Archives of regular monthly message from Nautilus general secretary, also published in each edition of the Telegraph on the Welcome page.
The true scale of the economic damage that Covid-19 has done to global and national economies is becoming clear.
The World Trade Organization (WTO) is forecasting a 32% decline in global output and that means lost jobs. According to a recent survey by the European Community Shipowners' Associations the hardest hit sectors will be cruise, ferry and offshore services – key areas for our members.
In shipping we are facing hundreds of jobs losses – from Ardent Maritime to P&O Ferries to Vroon – the impact is being felt by our members across all branches. The scale of potential job losses is significant – over 600 redundancies have been announced in the past month alone.
These jobs are not for sale. We must be robust in our response, ensure that our members are supported and redundancies resisted. I have asked our industrial teams to do their utmost to protect the employment of our members wherever they can.
The support of a strong trade union is especially important at times like now. It may be a cliché, but we are stronger together and we certainly need to be strong now. It is pleasing therefore that membership is growing with hundreds of maritime professionals recognising the need for our unique services.
I have been continuing my support for the work of the International Transport Workers' Federation (ITF) and European Transport Workers' Federation (ETF). This has focused on coordinating crew welfare, working with the International Labour Organisation (ILO) on seafarers' rights and taking part in discussions with the International Chamber of Shipping (ICS) to agree crew change protocols. These were immediately supported by the International Maritime Organization (IMO) and quickly circulated for attention by member states.
I have taken part in talks between ITF and the Joint Negotiating Group (JNG) within the International Bargaining Forum (IBF). The ITF had previously reluctantly agreed to two 30-day periods of crew contract extensions under the IBF Framework Agreement but when asked for a third time we refused. Instead, we said governments should be given an extra 30 days to implement crew changes in accordance with the industry protocols circulated by IMO. This should mean governments finally get crew changes moving and recognise that seafarers are key workers who deserve to get home or back to work.
I have also been busy lobbying the government to extend financial support to UK seafarers. A survey of UK members of Nautilus revealed that up to 11,000 seafarers could be without financial support because their employer does not operate UK PAYE for tax and national insurance purposes. As such their jobs cannot be protected under the Coronavirus Job Retention Scheme (JRS) nor will they receive grants to cover lost income under the self-employed scheme. Some face a triple whammy because they can't work, cannot claim the same financial support as other UK workers, and face an unexpected tax bill.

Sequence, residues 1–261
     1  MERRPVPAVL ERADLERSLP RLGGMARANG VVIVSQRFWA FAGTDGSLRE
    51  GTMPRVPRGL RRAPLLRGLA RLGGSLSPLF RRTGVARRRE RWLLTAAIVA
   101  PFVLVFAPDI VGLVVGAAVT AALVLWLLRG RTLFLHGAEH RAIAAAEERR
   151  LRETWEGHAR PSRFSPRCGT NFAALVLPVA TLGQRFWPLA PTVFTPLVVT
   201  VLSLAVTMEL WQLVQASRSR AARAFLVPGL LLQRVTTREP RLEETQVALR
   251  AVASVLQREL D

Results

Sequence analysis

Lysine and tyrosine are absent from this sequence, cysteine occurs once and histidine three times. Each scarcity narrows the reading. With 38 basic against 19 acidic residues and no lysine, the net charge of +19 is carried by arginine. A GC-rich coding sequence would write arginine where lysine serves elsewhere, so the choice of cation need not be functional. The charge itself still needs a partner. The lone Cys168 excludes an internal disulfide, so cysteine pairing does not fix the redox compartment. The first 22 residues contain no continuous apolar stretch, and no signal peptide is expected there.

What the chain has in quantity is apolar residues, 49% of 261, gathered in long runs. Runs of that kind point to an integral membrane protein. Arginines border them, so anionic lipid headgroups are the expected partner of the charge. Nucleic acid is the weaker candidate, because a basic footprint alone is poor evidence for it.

Last month with the help of TAPiit we live streamed the first virtual meeting of the Council. The use of technology is a core strand of the Union's 2030 Vision as is our communications becoming 'digital first'. This has enabled us to respond to developments much quicker than in the past. Our website has become the main source of information for our members, and the wider maritime community. In the current pandemic we are witnessing unprecedented traffic to our site. One story on seafarer certificates for travel was viewed over 42,000 times.
This investment in technology has had the added benefit of allowing us to keep working in support of our members despite the challenges of the lockdown. It has also helped us to have a greater and more frequent contact with governments and industry to resolve issues in a tripartite way.
I hope this spirit of tripartism continues long after the lockdown ends, when we return to normal. In the meantime, stay safe.
Brexit may be the reason for the UK general election this month, but this is also a chance to secure commitments to our industry, says Nautilus general secretary Mark Dickinson.
As I write this, the UK is again in full election mode. One would expect that Brexit will continue to dominate the debate in this general election. But it is much more than a re-run of the 2016 referendum.
The debate in the wider trade union movement here is about the need for more and better jobs, about climate change, and the need for workers to get a pay rise. Average wages in the UK have only just recovered to the levels prior to the global financial collapse of 2008/2009.
These are all issues with a strong resonance with our members. Brexit maybe the backdrop and context for this general election but these bread and butter issues are also extremely important. With the latest polling data showing a narrowing of the gap between the two major political parties it is starting to feel as if a hung parliament is the most likely outcome.